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    When I last looked, M-ITX motherboards and small form factor power supplies were few and far between, and not budget-priced. Raid cards cost a bomb. Costwise, you might be looking at a fair bit of moolah to DIY. Then, you also need to decide on an OS, and figure out how to use it. Not a big deal if all you want to do is stick files on it, but more time and effort if you want to install/use other programs.

    If you buy a pre-configured NAS, you get the software, and the other programs that work on it. If you want to "do stuff", have a look at the application downloads on Synology's site and see what is available to you. I have prebuilt NASes and some of the available applications (with instructions) have saved me a lot of time and effort "doing stuff".

    If I were you, I'd go for a preconfigured option. After you've sorted your messy arrangements, look into the available DIY OSes and, if you think you want to give that a go, then do it. You really should get things under control ASAP, and having something "plug and play" is the quicker way to do that.

    (You will need to get a backup, so consider that when deciding what you need)
     
  11. Revenger

    Revenger Member

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    I'm don't exactly have a budget as such.
    Basically have no immediate budget but can save for something.

    What I am doing is currently assessing my options and what would be ideal as ongoing migration etc.

    The Synology I keep hovering towards with its hybrid raid ability to have a array and expand just by adding or replacing a few drives at a time.

    I could easily start setting it up on the 3tb drives I have and migrate all my current drives to it now and upgrade little by little to 8tb drives and the extra two expansion bays.

    That's what I am currently leaning towards on my mindset as it appeals to me with growing little by little over say the next 5 years.

    Overall as said I'm assessing my options here for simple and easy to migrate over to.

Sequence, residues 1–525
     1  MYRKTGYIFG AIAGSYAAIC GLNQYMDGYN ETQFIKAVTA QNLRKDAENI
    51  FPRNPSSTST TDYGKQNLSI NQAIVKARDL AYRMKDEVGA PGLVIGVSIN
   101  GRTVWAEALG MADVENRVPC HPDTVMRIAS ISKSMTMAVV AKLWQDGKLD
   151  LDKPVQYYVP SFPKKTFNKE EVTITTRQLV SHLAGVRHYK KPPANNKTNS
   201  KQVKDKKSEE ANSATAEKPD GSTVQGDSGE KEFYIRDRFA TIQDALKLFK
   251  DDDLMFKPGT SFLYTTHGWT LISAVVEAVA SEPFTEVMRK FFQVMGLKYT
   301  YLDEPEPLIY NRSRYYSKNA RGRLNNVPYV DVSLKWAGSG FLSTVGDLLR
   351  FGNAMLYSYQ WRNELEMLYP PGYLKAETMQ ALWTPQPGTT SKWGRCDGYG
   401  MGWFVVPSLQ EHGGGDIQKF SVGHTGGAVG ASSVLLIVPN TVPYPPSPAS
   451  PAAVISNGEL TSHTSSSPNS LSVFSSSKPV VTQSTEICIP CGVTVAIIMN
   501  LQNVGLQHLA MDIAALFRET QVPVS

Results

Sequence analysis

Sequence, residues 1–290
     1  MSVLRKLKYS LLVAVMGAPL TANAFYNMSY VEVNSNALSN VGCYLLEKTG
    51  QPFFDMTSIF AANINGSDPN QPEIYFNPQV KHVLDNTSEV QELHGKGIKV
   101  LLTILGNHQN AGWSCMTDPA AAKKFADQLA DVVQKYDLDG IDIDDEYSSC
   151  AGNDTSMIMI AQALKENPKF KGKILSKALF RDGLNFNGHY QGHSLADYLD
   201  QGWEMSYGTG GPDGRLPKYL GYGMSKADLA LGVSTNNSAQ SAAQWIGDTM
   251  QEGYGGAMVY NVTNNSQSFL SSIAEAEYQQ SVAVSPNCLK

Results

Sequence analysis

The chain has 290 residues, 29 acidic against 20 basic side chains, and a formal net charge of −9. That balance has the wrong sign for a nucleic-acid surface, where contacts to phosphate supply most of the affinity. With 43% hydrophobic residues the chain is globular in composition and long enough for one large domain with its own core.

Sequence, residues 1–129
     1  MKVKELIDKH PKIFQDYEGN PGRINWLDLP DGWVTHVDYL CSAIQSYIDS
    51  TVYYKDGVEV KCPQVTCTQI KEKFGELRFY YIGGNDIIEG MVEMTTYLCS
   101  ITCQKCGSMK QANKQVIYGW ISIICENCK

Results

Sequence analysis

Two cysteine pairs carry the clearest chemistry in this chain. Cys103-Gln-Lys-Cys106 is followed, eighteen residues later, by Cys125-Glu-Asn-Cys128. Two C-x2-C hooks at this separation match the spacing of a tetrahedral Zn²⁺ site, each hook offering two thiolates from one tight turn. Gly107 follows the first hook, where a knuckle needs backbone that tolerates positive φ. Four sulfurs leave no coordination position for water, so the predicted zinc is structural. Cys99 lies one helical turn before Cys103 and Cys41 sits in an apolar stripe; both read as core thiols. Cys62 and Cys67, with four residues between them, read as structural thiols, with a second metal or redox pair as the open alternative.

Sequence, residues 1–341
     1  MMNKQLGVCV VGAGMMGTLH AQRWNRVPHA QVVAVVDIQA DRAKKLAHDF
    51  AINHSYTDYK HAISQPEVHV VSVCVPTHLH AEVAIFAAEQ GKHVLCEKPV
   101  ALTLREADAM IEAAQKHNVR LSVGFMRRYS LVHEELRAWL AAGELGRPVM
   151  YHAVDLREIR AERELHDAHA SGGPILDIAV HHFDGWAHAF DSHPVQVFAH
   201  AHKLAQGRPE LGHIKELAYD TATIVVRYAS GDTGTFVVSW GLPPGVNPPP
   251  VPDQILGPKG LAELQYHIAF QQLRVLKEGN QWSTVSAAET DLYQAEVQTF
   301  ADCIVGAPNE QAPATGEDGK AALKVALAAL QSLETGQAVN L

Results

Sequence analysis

Don't have a budget as said 1-2k would be a rough figure of I had to put a figure on anything but at the same time I need a new PC here etc and it takes me a while to save.

    Edit: broccoli that's my thoughts exactly and why the Synology appeals to me as I can use my current drives and migrate from 1 drive to all current 3tb drives bit by bit then expand up to now storage from there with the cost of just the Nas and a couple extra drives for that needed spare space.

    As well I have data in a non connected raid and one to try to recover.

    So the Synology really appeals with scalability.

    It would be something is be aiming for later in the year and take it from there.

    Yep plan to look at the Synology modules available today as I didn't sleep last night doing soo much research lying on bed about all this.
     
    Last edited: Jun 21, 2017
  12. broccoli

    broccoli Member

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    Bear in mind that the Synology will reformat your drives, you can't put them in and keep/read the existing data, you'll have to move it off first
     
  13. Revenger

    Revenger Member

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    Already know this and that's why I mentioned migrate bit by bit get a 8tb initially to copy some 3's, then put those drives in the Synology and copy data to those and expand the drives bit by bit by moving data round to free up drives to expand onto.

    I've done this quite a few times (constantly) especially as normal drives when just sorting out and consolidating data so that's no issue for me.

    The hybrid raid appeals to me in that way that you can expand from 1 to all drives with just adding new drives in once there freed up.
     
    Last edited: Jun 21, 2017
  14. davros123

    davros123 Member

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    "Set this up properly" and "little by little over say the next 5 years" does not reconcile. I do not recommend little by little. Save and do it right.

    I'd get the following:
    Super micro 1151 mobo ~$300 for an X11on eBay (better now as there is 20%off atm )
    16 GB EEC ram $300
    E3-1220 $300 (guess)
    Fractal R5 $140 - lots of drive space and cool and quiet. You do NOT need hotswap drive bays...once in, you will never open the case.
    Seasonic psus or the like with a good 12v rail $ 200
    60gb ssd for os
    Freenas - free.

    Drives of your choosing - $ lots ;)